Riding Bikes

It is finally spring and we’re all reveling in the sunny skies and 50 degree weather. I’ve been back on my bike more, but luckily this hasn’t prevented me from chatting with students.

On Tuesday, one of my favorite seventh graders (who wanted to share his music the other day) eyed me as I walked towards their gaggle, helmet bouncing against my bag and bike clicking along beside me.

“Hi Ms.” he said as I approached.

“Hi N!”

“Ms. can I ride your bike?”

“Sure!” my knee jerk reaction slamming against my rational brain as the word reached his ears. Maybe the middle schoolers aren’t the only ones without prefrontal cortexes.

“Well…” I metaphorically backpedaled, “do you know how to ride a bike? I don’t want you to crash and get hurt.”

“Yes, Ms., I know how to ride the bike. But I don’ have one anymore cause I crash-ed my last one.”

“Ouch! Did you get hurt?”

“Not really, my hands a little bit. They got, how do you call it, scrapped? And maybe bent them?”

“Scraped,” I respond. “I’m glad that wasn’t worse! Would you like to get a new bike?”

“Yes Ms., I guess so.”

“Well there’s a summer program called Bikes not Bombs where you can go and learn how to build a bike and then take it home. I’ll get you the application tomorrow.”

“Ok. Bye Ms.,” and he scooted off to catch his bus. As he tore away I found myself wondering if the kid had been wearing a helmet and how lucky he is that he wasn’t more hurt.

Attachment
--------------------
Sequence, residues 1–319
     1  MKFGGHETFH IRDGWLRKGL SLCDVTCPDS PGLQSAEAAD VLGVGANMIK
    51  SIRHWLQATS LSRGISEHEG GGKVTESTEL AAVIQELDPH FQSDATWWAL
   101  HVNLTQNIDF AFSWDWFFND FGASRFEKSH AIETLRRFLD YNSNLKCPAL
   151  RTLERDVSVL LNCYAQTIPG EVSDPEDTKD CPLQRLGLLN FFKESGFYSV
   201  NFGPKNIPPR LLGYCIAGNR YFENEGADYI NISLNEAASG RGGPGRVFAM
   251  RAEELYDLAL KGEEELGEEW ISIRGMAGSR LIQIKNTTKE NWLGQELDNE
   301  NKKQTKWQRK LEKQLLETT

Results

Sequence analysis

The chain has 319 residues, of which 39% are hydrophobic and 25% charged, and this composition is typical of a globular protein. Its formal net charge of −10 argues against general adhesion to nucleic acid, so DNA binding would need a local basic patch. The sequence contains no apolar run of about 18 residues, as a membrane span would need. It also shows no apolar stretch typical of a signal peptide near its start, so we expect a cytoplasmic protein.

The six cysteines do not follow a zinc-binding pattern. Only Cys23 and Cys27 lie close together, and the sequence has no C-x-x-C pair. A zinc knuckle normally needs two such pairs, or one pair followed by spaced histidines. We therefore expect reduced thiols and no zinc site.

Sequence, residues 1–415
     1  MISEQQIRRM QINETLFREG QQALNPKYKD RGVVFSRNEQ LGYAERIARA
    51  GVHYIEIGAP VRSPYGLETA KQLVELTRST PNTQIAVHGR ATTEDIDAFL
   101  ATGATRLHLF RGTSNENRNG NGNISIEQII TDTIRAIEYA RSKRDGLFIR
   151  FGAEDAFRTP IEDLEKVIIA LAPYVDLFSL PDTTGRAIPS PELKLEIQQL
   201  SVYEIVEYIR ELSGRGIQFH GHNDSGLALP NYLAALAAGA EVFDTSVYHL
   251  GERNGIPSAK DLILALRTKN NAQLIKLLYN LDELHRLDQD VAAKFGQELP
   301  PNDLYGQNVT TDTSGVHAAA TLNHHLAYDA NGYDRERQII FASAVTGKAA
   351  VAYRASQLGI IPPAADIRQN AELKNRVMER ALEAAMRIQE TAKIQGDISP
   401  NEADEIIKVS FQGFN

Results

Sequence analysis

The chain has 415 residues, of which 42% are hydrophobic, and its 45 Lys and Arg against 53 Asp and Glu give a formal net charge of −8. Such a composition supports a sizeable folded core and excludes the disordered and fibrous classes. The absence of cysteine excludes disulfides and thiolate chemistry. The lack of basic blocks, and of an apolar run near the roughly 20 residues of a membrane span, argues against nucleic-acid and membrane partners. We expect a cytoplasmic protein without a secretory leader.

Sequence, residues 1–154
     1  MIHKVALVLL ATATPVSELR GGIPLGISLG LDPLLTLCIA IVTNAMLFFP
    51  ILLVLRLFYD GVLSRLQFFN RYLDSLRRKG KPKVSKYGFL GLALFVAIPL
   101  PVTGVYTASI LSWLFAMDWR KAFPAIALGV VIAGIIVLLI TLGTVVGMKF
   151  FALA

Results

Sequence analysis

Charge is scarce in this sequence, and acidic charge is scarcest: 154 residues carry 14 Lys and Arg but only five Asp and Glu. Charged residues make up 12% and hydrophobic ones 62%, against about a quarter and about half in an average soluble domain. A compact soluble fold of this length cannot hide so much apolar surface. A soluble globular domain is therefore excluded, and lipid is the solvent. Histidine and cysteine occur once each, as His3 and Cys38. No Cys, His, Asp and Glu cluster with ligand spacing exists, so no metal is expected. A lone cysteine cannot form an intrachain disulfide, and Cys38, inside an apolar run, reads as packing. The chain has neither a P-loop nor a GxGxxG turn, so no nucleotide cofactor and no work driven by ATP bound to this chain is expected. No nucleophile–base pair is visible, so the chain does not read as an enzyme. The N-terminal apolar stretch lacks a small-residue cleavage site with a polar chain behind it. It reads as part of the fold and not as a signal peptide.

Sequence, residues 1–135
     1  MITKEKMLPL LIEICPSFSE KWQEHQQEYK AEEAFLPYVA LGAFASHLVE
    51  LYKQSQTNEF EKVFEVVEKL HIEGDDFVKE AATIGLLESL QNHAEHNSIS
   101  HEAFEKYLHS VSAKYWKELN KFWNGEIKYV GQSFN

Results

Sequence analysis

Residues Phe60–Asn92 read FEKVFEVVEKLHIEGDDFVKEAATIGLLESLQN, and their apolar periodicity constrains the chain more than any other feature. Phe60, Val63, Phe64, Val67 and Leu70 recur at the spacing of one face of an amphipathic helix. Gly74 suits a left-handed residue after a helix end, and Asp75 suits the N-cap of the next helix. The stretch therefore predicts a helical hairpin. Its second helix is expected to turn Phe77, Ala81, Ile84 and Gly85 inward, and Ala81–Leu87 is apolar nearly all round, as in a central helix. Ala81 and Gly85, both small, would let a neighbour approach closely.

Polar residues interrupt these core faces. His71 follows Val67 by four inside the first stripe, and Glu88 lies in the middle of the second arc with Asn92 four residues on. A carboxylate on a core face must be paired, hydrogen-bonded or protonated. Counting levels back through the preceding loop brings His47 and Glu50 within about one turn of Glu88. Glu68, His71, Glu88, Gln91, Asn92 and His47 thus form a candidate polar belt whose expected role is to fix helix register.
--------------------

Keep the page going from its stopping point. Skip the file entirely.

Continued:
Two days later, as I rode my bike home from school, I saw three young boys dart out onto a major street to catch their basketball. Yesterday I saw a five year old wobble down a side street on his bike as a car approached in the murky darkness of a poorly lit night.

I spend a good amount of time worrying about my students’ safety, exhale only after we pass police officers on our field trips, worry about the violence of racial oppression and aggression (both micro and macro), feel the inadequacy of our sex-ed instruction, see the sense of belonging that teenagers seek, understand the biology of their, at times, warped decision-making. But it wasn’t until this week that I realized how dangerous innocent play could be.  Accidents are the leading cause of death in children ages 1 to 14 according to the CDC. How do we keep kids safe? What is the balance between getting kids to play outside (limiting the impact of obesity, which impacts over 18% of teenagers) while ensuring that that play is safe?

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